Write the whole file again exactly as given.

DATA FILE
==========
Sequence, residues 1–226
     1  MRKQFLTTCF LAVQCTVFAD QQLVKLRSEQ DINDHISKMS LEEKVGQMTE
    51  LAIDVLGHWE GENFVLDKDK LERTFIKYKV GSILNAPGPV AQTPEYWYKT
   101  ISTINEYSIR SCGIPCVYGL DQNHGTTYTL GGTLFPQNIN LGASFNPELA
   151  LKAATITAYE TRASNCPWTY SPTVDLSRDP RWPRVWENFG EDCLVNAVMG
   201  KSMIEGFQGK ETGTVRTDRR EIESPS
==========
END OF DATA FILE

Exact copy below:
Sequence, residues 1–226
     1  MRKQFLTTCF LAVQCTVFAD QQLVKLRSEQ DINDHISKMS LEEKVGQMTE
    51  LAIDVLGHWE GENFVLDKDK LERTFIKYKV GSILNAPGPV AQTPEYWYKT
   101  ISTINEYSIR SCGIPCVYGL DQNHGTTYTL GGTLFPQNIN LGASFNPELA
   151  LKAATITAYE TRASNCPWTY SPTVDLSRDP RWPRVWENFG EDCLVNAVMG
   201  KSMIEGFQGK ETGTVRTDRR EIESPS